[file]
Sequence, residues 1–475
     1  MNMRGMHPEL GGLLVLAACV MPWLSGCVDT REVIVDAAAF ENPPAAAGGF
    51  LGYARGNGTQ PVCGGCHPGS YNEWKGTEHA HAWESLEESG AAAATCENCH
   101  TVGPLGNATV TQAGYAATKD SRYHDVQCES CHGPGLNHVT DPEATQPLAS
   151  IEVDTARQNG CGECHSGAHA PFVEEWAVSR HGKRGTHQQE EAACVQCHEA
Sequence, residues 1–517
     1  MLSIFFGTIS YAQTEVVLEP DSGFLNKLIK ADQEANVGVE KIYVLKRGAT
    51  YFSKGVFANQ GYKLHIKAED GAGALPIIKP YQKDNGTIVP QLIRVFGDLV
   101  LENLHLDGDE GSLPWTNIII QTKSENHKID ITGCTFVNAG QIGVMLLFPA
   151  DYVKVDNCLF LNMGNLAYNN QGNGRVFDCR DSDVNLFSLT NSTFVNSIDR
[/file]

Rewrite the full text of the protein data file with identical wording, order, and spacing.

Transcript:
Sequence, residues 1–475
     1  MNMRGMHPEL GGLLVLAACV MPWLSGCVDT REVIVDAAAF ENPPAAAGGF
    51  LGYARGNGTQ PVCGGCHPGS YNEWKGTEHA HAWESLEESG AAAATCENCH
   101  TVGPLGNATV TQAGYAATKD SRYHDVQCES CHGPGLNHVT DPEATQPLAS
   151  IEVDTARQNG CGECHSGAHA PFVEEWAVSR HGKRGTHQQE EAACVQCHEA
Sequence, residues 1–517
     1  MLSIFFGTIS YAQTEVVLEP DSGFLNKLIK ADQEANVGVE KIYVLKRGAT
    51  YFSKGVFANQ GYKLHIKAED GAGALPIIKP YQKDNGTIVP QLIRVFGDLV
   101  LENLHLDGDE GSLPWTNIII QTKSENHKID ITGCTFVNAG QIGVMLLFPA
   151  DYVKVDNCLF LNMGNLAYNN QGNGRVFDCR DSDVNLFSLT NSTFVNSIDR